Free Trader, Longtime USTR Staffer Are Sadder and Wiser on China
Dan Ikenson, who spent decades in trade policy at the libertarian Cato Institute, said he defended China's behavior for years after it joined the World Trade Organization. "I was in favor of welcoming China into the trading system," he said. But now, Ikenson said during a June 9 webinar hosted by the R Street Institute, he has come to see that China's last 15 years of state-directed capitalism produced enormous externalities. He said some of those externalities include the rise of populism, the political rejection of free trade, and even, in part, the presidency of Donald Trump.
Too many smart people in the trade community were too dismissive of the implications of China's ambitions to be superior technologically, which they have advanced by extorting technology from U.S. businesses as a price of doing business in the Chinese market, he said, and they engaged in "technology theft on a grand scale."
Now, he said, he thinks we should try to hinder those ambitions by restricting investments and imposing export controls, even though export controls are imperfect. "For them to work well, they need to be multilateralized," he said.
Ikenson said the phase one China deal is counterproductive, as he believes its purchase promises drive a wedge between the U.S. and Europe and the U.S. and Japan, and he said they are inconsistent with our complaints that China's government is too intertwined with its businesses.
Wendy Cutler, a chief negotiator of the Trans-Pacific Partnership and now vice president of the Asia Society Policy Institute, disagreed. "Was it successful in really getting to the heart of the practices that were laid out in the Section 301 petition? No, but it made some headway." She said the U.S. was unrealistic about how much China would agree to change. "That is the challenge of negotiating with any country, really," she said.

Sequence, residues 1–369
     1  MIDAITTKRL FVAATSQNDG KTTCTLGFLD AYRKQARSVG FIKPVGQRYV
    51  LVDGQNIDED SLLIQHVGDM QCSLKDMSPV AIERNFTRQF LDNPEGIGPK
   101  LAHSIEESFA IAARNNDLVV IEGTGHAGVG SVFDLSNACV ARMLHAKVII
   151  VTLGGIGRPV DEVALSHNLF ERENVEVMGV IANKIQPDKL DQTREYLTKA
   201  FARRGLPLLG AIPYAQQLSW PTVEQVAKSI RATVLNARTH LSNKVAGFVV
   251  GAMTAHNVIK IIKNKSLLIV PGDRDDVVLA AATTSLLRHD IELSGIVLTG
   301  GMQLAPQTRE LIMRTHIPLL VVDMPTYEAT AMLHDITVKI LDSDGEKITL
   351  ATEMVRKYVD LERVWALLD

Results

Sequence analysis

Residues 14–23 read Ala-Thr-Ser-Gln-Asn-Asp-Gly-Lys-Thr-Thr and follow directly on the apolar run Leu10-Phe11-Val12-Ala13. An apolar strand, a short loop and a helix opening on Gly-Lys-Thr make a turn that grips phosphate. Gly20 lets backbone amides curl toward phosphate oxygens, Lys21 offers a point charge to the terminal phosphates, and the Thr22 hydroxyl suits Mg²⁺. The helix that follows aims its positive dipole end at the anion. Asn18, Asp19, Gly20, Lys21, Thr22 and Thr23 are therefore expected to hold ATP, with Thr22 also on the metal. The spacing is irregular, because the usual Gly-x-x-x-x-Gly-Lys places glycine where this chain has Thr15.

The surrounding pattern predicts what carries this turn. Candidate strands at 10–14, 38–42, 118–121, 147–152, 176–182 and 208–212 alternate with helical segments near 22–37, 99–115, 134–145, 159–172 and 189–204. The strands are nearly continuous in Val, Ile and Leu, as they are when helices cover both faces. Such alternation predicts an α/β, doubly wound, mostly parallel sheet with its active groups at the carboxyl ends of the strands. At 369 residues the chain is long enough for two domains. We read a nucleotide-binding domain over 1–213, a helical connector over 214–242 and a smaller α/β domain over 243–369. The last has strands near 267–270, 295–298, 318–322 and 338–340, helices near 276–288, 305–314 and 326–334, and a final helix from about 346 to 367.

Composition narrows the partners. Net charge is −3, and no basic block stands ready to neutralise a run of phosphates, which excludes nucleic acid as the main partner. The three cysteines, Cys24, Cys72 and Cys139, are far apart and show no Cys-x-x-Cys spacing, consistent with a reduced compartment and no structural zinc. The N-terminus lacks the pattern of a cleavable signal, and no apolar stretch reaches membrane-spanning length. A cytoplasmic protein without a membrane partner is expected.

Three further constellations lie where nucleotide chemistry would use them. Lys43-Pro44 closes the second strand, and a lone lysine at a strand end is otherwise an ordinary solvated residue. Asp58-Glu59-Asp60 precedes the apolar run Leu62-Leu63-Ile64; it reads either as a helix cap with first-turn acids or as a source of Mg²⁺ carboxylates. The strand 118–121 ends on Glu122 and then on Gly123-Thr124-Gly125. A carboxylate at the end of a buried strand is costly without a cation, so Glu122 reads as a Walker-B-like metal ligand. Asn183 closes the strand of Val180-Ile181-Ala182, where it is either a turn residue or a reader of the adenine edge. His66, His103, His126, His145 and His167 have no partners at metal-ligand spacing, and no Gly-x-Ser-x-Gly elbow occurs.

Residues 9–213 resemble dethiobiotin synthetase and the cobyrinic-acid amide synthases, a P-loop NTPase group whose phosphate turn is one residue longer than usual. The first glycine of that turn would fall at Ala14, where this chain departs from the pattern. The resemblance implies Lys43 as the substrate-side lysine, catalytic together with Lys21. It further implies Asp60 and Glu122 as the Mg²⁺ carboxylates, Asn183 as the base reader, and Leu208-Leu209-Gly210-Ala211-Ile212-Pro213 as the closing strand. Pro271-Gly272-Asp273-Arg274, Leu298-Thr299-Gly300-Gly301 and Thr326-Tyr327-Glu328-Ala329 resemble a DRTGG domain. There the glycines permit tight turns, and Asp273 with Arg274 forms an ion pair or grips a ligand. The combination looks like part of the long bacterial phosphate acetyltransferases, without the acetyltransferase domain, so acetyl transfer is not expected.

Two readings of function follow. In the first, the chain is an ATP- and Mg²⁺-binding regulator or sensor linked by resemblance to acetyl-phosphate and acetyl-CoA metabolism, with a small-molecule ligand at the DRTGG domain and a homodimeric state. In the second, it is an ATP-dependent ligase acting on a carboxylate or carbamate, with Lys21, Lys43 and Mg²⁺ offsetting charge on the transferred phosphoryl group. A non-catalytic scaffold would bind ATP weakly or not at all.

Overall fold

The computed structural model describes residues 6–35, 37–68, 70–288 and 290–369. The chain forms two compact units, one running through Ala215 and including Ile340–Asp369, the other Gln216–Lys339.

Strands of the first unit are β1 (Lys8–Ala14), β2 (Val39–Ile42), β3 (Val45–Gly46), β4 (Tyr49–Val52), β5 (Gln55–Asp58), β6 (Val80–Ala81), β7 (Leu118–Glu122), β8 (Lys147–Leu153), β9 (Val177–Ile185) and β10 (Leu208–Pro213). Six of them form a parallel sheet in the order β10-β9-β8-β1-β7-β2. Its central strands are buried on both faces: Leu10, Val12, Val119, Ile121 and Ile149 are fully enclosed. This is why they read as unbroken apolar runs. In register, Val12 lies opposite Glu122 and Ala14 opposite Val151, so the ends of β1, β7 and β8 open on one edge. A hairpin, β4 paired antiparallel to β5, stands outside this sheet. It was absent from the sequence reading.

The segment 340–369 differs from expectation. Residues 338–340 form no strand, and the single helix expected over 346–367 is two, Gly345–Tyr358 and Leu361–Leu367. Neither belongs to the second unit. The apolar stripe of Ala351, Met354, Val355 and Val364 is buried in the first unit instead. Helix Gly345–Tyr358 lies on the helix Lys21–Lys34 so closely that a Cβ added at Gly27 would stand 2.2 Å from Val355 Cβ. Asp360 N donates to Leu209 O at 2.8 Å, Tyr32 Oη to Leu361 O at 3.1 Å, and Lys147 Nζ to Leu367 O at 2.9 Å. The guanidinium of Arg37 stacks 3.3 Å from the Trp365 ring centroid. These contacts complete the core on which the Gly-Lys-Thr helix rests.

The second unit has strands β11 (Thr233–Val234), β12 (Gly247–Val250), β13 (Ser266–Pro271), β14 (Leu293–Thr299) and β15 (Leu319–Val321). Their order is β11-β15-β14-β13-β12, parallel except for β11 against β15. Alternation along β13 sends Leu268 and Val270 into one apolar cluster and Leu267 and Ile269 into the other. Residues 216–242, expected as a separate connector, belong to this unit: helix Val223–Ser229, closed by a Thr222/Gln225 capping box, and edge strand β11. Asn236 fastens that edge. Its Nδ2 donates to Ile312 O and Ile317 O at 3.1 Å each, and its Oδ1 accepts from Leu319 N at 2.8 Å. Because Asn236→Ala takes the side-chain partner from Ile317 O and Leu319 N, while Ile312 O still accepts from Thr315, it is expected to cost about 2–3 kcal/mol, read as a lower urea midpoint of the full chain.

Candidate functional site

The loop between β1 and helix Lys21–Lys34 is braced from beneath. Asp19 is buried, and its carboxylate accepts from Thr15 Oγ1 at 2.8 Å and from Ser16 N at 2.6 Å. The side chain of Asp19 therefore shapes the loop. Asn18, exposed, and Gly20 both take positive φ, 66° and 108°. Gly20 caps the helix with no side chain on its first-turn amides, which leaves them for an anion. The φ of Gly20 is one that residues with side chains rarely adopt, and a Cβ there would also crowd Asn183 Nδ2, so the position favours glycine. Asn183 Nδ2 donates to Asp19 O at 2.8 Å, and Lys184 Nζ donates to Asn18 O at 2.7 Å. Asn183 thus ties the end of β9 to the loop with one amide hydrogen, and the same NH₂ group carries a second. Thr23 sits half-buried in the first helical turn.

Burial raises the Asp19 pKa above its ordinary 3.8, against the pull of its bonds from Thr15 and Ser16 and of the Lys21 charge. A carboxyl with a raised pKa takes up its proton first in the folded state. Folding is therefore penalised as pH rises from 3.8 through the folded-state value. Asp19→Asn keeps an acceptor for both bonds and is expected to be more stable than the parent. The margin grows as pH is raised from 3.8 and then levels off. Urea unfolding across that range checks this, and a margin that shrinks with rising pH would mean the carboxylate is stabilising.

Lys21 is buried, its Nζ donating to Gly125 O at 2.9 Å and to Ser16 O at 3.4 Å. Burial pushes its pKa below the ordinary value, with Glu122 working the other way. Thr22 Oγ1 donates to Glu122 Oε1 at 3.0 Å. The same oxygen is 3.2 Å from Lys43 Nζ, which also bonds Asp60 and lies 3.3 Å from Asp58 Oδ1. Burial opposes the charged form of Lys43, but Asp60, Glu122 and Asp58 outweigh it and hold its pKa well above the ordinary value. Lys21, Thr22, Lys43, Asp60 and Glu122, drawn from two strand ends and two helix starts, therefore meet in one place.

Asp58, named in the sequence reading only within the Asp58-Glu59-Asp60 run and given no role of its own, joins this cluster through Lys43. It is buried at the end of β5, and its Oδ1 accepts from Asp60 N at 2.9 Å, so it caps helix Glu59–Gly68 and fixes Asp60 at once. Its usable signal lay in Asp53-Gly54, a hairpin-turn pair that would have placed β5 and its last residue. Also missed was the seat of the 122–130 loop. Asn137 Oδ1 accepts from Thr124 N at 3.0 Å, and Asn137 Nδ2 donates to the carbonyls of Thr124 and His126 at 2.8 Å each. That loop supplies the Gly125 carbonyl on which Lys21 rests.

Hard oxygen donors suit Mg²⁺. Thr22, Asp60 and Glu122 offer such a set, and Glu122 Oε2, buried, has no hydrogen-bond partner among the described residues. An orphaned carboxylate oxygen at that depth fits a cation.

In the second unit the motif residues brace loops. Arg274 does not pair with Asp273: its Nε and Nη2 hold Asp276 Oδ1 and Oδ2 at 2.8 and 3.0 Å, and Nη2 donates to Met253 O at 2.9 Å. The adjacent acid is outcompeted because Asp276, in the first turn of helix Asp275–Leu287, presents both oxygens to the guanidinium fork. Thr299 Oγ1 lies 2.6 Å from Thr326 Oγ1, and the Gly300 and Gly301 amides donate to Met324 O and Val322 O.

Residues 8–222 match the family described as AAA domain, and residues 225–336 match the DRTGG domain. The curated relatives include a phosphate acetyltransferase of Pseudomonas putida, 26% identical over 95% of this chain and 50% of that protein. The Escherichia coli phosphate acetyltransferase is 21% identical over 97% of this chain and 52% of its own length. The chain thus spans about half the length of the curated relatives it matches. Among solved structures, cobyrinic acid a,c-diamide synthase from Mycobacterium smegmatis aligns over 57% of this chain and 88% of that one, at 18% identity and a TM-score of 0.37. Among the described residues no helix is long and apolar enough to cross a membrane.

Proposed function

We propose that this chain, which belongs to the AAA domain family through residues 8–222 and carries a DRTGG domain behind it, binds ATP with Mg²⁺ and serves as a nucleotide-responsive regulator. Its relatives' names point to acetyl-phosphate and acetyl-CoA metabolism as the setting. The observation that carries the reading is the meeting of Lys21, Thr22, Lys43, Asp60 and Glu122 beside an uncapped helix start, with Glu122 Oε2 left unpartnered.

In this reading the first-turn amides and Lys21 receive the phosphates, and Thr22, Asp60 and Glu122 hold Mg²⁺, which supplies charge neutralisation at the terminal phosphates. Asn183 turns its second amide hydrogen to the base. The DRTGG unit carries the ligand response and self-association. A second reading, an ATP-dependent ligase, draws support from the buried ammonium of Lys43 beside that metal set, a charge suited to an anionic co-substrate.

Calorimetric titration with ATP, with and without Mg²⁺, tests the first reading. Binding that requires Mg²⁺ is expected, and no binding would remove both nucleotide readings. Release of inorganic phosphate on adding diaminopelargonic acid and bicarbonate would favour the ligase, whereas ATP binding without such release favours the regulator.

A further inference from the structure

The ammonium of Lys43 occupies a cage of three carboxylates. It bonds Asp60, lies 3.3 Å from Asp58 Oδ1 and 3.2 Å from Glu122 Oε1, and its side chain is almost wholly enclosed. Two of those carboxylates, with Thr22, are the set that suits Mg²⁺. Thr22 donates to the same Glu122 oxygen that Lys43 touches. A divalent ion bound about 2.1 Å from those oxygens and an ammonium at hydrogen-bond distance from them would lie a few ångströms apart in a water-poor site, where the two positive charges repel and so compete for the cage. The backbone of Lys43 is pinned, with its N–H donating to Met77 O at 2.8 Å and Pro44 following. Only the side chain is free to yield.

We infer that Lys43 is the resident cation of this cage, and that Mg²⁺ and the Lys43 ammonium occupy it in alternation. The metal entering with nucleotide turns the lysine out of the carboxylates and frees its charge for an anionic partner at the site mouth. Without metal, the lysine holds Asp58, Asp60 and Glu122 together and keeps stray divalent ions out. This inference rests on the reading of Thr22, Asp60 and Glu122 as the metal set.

But, at the same time, she said, "Maybe the days are over in terms of reaching incremental deals with China, given the gravity, the seriousness of the problems and the trajectory China is on." She said she's also critical of the European Union's Comprehensive Agreement on Investment with China, because it, too, makes only incremental progress toward leveling the playing field between China and market economies.
Europe is not looking to ratify the CAI after China sanctioned some EU members of parliament over the EU's sanctions on some Chinese officials because of abuses in Xinjiang (see 2106010020).
"The CAI announced late last year likely would have reinforced the wedge" between the EU and the U.S., Ikenson said. "Beijing seems to have squandered that opportunity."
R Street moderator Clark Packard asked if there is any path to rolling back Section 301 tariffs on Chinese goods.
Cutler said that when the business community asks the Biden administration to lift all the tariffs, she says, "I’m a practical person, I look at the politics, I don’t see that happening."
But, she said, maybe the U.S. could reduce the 25% rate to 20% on some items, or, if China fulfills some targeted requests from the U.S., the U.S. removes tariffs on some products.
Ikenson said some say that tariffs could be lifted on non-technology products, but he asked: How can countries have an adversarial relationship in technology, while pretending everything is fine everywhere else?